self.run()
  File "C:\Python27\Lib\threading.py", line 504, in run
    self.__target(*self.__args, **self.__kwargs)
  File "C:\Python27\Lib\multiprocessing\pool.py", line 319, in _handle_tasks
    put(task)
PicklingError: Can't pickle <type 'instancemethod'>: attribute lookup __builtin__.instancemethod failed

Why can Processes handle bound methods, but not Pools?

Best Solution

The pickle module normally can't pickle instance methods:

>>> import pickle
>>> class A(object):
...  def z(self): print "hi"
... 
>>> a = A()
>>> pickle.dumps(a.z)
Traceback (most recent call last):
  File "<stdin>", line 1, in <module>
  File "/usr/local/lib/python2.7/pickle.py", line 1374, in dumps
    Pickler(file, protocol).dump(obj)
  File "/usr/local/lib/python2.7/pickle.py", line 224, in dump
    self.save(obj)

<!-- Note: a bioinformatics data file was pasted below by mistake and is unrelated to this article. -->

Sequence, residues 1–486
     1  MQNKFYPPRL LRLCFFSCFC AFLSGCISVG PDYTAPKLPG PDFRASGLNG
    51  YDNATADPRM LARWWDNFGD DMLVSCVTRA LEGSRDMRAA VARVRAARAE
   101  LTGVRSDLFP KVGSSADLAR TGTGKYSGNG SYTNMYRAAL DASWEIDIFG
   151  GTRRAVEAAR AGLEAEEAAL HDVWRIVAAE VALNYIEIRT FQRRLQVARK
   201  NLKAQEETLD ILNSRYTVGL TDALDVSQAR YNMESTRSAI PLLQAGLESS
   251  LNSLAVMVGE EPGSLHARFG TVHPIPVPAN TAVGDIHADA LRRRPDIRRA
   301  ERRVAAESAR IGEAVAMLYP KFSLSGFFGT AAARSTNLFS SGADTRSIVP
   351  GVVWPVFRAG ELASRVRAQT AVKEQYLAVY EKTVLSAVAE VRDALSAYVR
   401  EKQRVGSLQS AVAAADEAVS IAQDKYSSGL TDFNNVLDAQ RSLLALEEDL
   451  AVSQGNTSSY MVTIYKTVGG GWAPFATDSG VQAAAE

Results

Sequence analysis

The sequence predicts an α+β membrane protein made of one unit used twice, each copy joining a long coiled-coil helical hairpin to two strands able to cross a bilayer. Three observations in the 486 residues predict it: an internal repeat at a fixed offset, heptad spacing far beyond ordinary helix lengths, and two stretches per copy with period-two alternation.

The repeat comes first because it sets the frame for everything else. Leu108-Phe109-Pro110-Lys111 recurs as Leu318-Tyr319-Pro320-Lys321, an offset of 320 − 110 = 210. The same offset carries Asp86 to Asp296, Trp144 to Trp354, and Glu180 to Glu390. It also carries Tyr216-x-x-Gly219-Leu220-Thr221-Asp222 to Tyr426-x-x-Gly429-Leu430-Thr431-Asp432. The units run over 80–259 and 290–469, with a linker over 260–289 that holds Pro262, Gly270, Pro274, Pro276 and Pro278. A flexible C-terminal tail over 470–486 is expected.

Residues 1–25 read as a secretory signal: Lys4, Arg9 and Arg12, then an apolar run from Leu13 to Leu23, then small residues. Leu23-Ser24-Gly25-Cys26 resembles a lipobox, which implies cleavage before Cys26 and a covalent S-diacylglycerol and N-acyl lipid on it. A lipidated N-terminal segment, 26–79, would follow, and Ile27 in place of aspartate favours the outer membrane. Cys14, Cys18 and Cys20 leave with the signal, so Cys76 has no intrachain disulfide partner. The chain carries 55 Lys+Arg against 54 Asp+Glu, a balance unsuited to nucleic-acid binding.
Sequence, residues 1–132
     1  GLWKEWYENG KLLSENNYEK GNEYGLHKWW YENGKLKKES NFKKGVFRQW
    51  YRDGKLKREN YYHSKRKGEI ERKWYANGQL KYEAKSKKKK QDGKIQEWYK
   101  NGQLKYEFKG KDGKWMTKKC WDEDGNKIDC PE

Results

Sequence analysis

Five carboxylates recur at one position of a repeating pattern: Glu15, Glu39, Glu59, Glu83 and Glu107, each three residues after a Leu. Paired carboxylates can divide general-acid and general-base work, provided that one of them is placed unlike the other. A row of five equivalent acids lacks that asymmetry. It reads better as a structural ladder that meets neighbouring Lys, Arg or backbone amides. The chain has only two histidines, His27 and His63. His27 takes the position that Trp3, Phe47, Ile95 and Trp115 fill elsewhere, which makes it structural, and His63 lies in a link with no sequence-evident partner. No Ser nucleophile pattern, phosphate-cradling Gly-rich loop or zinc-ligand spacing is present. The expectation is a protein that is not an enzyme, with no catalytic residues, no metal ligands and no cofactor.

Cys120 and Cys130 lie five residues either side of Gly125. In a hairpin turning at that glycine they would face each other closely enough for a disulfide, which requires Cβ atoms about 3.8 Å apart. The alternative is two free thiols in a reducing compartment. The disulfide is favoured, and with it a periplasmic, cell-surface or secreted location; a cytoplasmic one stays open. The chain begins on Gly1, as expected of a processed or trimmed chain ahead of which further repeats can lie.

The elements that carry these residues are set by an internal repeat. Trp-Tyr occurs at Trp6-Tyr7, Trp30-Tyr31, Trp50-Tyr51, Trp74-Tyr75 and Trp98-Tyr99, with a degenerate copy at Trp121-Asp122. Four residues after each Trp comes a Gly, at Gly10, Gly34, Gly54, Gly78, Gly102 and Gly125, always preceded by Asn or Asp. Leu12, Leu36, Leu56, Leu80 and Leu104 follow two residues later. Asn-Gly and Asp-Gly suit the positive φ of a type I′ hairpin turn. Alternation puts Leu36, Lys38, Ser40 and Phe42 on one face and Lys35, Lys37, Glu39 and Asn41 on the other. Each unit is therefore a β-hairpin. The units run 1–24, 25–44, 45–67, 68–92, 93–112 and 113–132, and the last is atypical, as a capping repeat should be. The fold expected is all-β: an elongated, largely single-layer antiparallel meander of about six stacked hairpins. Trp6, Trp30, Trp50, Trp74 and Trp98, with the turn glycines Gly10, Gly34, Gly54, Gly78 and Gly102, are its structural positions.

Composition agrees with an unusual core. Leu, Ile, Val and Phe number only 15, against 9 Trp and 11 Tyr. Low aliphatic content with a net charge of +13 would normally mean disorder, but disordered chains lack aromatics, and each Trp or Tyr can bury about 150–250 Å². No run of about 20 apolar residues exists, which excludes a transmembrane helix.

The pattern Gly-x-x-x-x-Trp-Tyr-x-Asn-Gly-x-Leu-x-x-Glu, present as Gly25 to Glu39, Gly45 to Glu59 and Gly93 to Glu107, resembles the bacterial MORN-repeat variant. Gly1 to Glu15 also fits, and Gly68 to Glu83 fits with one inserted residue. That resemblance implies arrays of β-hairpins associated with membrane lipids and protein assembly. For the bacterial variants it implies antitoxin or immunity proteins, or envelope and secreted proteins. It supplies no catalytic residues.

File "/usr/local/lib/python2.7/pickle.py", line 306, in save
    rv = reduce(self.proto)
  File "/usr/local/lib/python2.7/copy_reg.py", line 70, in _reduce_ex
    raise TypeError, "can't pickle %s objects" % base.__name__
TypeError: can't pickle instancemethod objects

However, the multiprocessing module has a custom Pickler that adds some code to enable this feature:

#
# Try making some callable types picklable
#

from pickle import Pickler
class ForkingPickler(Pickler):
    dispatch = Pickler.dispatch.copy()

    @classmethod
    def register(cls, type, reduce):
        def dispatcher(self, obj):
            rv = reduce(obj)
            self.save_reduce(obj=obj, *rv)
        cls.dispatch[type] = dispatcher

def _reduce_method(m):